Spend at least half a day at Trinity College to visit its famous reading room at the old library with the Book of Kells being its most famous volume, but it also is the largest library in Ireland. The Book of Kells, the first four biblical gospels, were hand copied by monks on the Scotch Island of Kells in about the 800 AD in Latin Vulgate with marvelous illustrations. Loyds of London has them insured at about 50 million dollars. The library’s reading room is also an important visit. Thomas Cahill credits this and other Irish monk libraries with rescuing, coping and preserving important "Western" documents after the fall of the Roman Empire and the destruction of its huge libraries in Rome and Alexandria in “How the Irish Saved Civilization.” Actually, the whole Trinity campus is interesting and worth a “walk around.”
On one trip I took a carriage ride (or use one of the Start-Stop bus tours) around town to drive along the Liffey River and across some of its famous 23 bridges (you might want to stop and walk across some – note the Samuel Beckett) to drive past the Dublin Spire (389 feet high, a second millennial monument, but not finished until 2005), to drive past the famous statues of the “Famine Sculptures” and then over to “Molly Malone” and to admire the fine architecture of Christ Church, the Old Post Office (site of the early 1916 ‘Rising) and St Patrick’s Cathedral. The locals use these famous sites as meeting locations as in “Meet me at the Molly Malone.”
There are seven major breweries (lots of small ones), the most famous Guinness, and seven major liquor distilleries, the most famous Jameson, in Dublin. Guinness was founded by the English family about 250 years ago in Dublin at St James Gate by Arthur Guinness and has been successful from the start; they have a 9,000 year lease but have outgrown their current site. Their headquarters is now in London, and they are part of the business group, Diageo. They produce a staggering 3 billion dollars’ worth of beer (three main varieties) per year, produce in about 50 countries, but nothing tastes better than Dublin brewed, and market in 120 countries. Their tour is sophisticated and engaging and at the end they offer a pint of Guinness stout, and you can buy more (limit three per person.)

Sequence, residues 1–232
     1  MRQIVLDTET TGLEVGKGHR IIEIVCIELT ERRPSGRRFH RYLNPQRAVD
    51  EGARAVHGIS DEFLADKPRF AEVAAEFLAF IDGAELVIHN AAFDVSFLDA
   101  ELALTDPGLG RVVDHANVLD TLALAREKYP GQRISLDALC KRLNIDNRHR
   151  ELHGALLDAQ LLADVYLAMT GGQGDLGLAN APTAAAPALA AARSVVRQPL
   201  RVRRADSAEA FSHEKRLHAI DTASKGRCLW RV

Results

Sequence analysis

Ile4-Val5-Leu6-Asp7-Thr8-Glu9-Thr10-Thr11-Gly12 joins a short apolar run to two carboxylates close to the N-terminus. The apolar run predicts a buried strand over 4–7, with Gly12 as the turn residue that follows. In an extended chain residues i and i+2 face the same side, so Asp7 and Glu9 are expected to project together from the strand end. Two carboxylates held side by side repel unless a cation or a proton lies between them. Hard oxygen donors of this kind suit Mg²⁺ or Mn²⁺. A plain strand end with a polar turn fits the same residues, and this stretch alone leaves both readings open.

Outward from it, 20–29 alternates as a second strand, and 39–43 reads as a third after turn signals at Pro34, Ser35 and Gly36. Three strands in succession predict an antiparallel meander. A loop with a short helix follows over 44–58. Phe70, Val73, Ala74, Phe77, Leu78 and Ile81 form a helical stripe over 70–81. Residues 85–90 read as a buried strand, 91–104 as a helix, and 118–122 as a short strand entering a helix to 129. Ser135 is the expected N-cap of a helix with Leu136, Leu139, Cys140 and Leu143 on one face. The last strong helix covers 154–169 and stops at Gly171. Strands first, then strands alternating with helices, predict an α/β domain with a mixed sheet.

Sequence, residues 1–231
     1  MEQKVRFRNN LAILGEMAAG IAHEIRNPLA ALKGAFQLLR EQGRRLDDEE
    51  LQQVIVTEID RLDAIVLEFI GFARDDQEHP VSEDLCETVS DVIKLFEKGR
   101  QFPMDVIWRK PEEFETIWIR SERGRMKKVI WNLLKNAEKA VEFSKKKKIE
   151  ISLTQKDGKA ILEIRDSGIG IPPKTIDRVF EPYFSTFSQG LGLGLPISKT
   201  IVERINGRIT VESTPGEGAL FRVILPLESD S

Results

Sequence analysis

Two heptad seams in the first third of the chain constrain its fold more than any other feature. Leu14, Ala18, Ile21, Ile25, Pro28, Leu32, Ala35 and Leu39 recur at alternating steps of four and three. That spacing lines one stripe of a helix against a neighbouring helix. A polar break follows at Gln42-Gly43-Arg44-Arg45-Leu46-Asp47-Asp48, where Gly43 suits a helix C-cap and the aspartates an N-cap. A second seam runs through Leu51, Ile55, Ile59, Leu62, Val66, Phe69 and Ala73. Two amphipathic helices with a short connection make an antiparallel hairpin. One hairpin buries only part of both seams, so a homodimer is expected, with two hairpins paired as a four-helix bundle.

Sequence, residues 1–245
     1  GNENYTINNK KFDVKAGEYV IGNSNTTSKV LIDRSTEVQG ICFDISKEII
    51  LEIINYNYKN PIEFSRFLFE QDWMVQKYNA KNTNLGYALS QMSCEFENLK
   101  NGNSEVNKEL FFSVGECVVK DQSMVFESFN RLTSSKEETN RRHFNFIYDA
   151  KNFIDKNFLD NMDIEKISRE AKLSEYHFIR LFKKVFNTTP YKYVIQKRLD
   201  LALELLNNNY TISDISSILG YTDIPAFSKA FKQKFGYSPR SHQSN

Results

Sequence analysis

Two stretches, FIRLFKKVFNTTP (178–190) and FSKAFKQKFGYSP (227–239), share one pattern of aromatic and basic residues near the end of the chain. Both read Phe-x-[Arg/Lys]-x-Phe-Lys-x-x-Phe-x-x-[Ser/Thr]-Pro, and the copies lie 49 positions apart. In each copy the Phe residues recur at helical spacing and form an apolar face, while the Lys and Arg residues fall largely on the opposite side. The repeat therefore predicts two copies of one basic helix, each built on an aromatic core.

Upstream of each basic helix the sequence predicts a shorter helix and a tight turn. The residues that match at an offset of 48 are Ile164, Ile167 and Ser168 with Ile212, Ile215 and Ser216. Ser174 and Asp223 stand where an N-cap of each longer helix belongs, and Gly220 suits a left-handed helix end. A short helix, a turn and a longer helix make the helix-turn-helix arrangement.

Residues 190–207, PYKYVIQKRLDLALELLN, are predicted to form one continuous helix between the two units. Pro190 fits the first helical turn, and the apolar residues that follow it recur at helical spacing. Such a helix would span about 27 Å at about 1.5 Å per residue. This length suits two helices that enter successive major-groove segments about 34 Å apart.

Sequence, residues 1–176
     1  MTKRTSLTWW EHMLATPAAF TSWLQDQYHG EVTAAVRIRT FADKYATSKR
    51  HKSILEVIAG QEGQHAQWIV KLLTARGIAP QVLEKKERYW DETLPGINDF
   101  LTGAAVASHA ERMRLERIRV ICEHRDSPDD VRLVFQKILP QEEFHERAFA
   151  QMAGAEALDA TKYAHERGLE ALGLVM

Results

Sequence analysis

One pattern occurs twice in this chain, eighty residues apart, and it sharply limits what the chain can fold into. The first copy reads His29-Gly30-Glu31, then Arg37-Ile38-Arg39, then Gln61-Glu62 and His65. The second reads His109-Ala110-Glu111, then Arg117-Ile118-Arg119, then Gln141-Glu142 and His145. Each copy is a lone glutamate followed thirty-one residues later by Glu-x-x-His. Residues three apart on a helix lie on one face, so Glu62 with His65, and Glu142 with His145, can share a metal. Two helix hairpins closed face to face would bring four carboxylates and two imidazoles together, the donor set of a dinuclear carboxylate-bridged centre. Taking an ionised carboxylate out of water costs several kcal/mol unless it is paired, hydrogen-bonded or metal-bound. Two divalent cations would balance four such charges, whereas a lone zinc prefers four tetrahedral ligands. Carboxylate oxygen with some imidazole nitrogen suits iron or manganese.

Sending our wives off shopping late one morning, a close friend and I decided that Jamesons needed close inspection. Jameson was founded by Scottish lawyer John Jameson in 1780 on Bow St and not immediately successful, but certainly is now. They have moved out to County Cork and produce a staggering 10 million cases of Irish Whiskey per year, marketing in 130 countries. They are now owned by Pernod Ricard. After a brief tour, we spent the afternoon in their lunch and tasting room since it was his treat. We started at 5 dollars a glass and after a couple of hours were up to the “really good stuff” at $60 per glass. Not Jameson’s fault, my friend came down with a cold that day, and even though not really his doctor, I gave him some prednisone.
Now, you will surely understand that I love Irish food, particularly real shepherd pie (with lamb, not beef). My favorite Dublin restaurants include Nancy Hands, Reillys, O’Neills, Glovers Alley, Mannigans, the East Side Tavern, Mulberry Garden, the Winding Stair, Bang, 31 Lennox, Pichet, Trocardero, Ryleighs and the Shelbourne Hotel.
The Irish have a bitter-sweet saying: “We Irish do not always have troubles, but we have enough to get us through the good times.”
slán a fhágáil